When you think of angular momentum, or gyroscopic power, the easiest way to understand it is to compare it to horsepower for an engine. Angular momentum is the measuring stick for how much stabilizing power any given gyroscope can have, similar to how you know that a 60HP engine is going to provide far less power than a 250HP engine.
So, why’s it so hard to explain? Two reasons:
To put it simply, angular momentum is the most accurate measure of gyroscopic power, but many times you’ll see simply “torque” listed instead. Let’s talk about what those are and why one is more accurate to rate performance than the other.
Angular momentum, measured in Newton-meter-seconds, or N-m-s, determines the total amount of torque available over time. Time is the biggest differentiating factor between angular momentum and torque, so keep that in mind. Greater angular momentum indicates a higher roll reduction potential for gyroscopic stabilizers. The Seakeeper 18 (18,000 N-m-s of angular momentum) is more powerful than the Seakeeper 1 (1,000 N-m-s). (P.S. this is also how we name our units!)
The faster a gyroscope precesses (or if you’ve watched a Seakeeper in action, that’s the sphere tilting fore and aft), the higher its peak torque value – stay with me here. However, a faster precession speed significantly reduces the amount of time the peak torque can be applied. If you’ve been on a boat that’s rolling, you’ll know that a wave doesn’t happen instantaneously – it rolls – just like your boat on top of it. Those rolls, depending on the boat, usually happen in a timeframe of 2-10 seconds. Those are called wave periods, and the time it takes for your boat to make one full roll over that wave is the vessel’s roll period. Because of this, the most effective use of a gyroscope’s angular momentum is to spread the torque over a period of time that matches the wave period. There’s that word time again!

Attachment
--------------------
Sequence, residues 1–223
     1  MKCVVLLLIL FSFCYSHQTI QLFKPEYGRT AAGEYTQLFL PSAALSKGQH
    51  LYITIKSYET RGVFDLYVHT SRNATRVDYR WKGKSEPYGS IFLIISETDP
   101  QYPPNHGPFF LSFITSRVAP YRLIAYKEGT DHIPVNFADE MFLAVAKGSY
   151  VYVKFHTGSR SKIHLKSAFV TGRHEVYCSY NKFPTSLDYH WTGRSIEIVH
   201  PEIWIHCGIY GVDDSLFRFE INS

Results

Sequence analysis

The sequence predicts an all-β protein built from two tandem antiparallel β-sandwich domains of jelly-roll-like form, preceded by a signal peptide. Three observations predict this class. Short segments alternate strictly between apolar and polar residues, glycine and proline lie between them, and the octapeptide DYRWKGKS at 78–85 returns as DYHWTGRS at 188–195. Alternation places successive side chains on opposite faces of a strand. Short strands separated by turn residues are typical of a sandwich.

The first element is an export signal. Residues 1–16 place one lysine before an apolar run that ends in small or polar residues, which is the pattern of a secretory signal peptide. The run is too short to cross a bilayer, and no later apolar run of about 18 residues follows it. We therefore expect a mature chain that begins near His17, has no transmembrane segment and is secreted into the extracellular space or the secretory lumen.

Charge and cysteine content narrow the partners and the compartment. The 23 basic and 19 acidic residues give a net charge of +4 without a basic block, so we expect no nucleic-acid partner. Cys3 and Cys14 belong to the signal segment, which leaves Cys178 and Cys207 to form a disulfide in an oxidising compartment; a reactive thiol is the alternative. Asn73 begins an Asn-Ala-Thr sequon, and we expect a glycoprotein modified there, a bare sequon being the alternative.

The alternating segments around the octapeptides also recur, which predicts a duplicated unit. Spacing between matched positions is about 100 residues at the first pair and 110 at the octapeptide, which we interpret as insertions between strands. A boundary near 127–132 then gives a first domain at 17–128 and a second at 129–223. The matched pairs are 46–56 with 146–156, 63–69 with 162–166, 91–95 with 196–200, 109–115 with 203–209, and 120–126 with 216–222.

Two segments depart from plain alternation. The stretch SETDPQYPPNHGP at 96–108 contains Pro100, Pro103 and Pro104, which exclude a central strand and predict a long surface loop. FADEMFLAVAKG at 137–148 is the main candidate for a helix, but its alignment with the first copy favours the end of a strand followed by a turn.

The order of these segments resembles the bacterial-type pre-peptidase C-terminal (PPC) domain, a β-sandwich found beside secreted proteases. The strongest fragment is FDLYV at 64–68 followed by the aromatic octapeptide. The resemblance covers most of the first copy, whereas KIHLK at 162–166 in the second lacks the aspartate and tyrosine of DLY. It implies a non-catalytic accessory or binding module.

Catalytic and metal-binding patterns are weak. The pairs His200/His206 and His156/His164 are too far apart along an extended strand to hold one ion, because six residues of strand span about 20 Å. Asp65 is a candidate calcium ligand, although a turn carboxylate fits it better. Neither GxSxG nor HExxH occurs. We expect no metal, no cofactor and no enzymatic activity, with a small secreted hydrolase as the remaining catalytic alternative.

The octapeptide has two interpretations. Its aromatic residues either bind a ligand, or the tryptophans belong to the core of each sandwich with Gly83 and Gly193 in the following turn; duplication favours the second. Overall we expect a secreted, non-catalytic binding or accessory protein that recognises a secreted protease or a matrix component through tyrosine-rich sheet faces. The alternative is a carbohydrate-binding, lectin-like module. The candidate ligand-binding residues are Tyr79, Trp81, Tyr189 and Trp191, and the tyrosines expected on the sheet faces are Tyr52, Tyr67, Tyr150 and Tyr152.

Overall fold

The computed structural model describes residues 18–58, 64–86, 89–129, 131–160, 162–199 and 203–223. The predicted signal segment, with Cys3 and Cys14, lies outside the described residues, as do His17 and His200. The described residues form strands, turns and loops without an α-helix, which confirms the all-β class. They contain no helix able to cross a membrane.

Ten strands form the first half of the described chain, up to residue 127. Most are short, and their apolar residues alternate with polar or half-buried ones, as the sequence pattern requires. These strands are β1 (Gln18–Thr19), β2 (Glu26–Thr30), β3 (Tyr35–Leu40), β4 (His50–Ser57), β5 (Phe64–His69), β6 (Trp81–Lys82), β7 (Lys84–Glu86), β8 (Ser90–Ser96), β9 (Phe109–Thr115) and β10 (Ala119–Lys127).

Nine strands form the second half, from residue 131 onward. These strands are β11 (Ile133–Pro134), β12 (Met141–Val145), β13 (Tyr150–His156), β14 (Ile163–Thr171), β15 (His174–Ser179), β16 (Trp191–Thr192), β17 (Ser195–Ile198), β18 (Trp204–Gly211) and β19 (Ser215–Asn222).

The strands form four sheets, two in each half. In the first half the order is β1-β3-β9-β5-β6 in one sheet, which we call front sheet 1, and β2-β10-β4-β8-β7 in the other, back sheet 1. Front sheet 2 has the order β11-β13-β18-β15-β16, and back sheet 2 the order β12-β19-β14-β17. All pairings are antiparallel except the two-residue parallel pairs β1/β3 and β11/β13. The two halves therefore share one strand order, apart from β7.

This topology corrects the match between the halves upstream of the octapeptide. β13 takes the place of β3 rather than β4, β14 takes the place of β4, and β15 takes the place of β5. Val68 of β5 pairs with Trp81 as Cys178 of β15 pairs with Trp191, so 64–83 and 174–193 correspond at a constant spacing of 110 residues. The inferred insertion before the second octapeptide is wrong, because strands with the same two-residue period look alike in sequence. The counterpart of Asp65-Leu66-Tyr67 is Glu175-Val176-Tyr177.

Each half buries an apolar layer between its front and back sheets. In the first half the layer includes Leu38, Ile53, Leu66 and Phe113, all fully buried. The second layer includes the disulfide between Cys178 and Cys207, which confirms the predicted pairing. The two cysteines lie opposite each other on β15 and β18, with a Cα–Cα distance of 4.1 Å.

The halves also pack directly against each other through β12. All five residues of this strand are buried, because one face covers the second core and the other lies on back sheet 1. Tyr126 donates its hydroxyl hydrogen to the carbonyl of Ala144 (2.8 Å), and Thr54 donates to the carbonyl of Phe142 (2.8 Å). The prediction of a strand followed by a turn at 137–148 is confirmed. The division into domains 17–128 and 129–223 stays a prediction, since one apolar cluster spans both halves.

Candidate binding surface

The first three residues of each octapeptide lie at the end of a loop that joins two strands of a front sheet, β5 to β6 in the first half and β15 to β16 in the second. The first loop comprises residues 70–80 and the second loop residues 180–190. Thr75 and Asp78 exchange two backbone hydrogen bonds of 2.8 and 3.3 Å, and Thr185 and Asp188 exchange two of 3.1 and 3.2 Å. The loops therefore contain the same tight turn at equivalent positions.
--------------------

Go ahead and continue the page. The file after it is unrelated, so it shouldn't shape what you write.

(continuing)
When you see “torque” listed for any given gyro stabilizer, it means the maximum torque output, measured in N-m (see, no time). So, what’s wrong with that? Well, nothing, but it’s misleading as a performance measurement because it doesn’t account for the wave period or the natural roll period of the vessel. This is important to account for because increases in wave period or a vessel’s roll period can cause a significant decrease in peak torque values.
Let’s look at one example:
The Seakeeper 6 has 6,000 N-m-s of angular momentum. That’s a fixed number – never going to change. What will change, is the natural roll period. Let’s say a boat has a natural roll period of 2.5 seconds. The peak torque is a whopping 15,690 N-m. But if we use a boat with a 4-second natural roll period, that peak torque drops to 9,870 N-m. The stabilizer is the same, so why would a changing figure be used to show its power?
The natural roll period of a boat varies anywhere from 2.3 seconds for smaller boats and 7 seconds for some mega yachts (don’t confuse this with the wave periods discussed above). In order to eliminate boat roll, a gyroscope must be able to provide stabilizing torque throughout the entire roll cycle (that requires time again!). Using the example above for a gyroscope rated at 6,000 N-m-s of angular momentum, quoting peak torque values above 15,690 N-m is misleading because boats in this unit’s size range (~40 to 49 ft.) rarely exhibit a natural roll period below 2.5 seconds.
We agree! Forces you can’t see stopping boat roll? Now that’s cool. What’s not cool is trying to understand why you can’t compare two competitive products or why you can’t get a straight answer about a gyroscope’s performance. And we’re saying, “time’s up!” to those representing gyroscopic power with just “torque.” It’s time someone set the record straight.
If you’ve got questions or want to put Seakeeper to the test – drop us a line and let us know. We’re ready to nerd-out with you as much as you’ll let us! Want to see inside a Seakeeper to see which parts make all that angular momentum? Check out our How It Works page and we’ll walk you through it!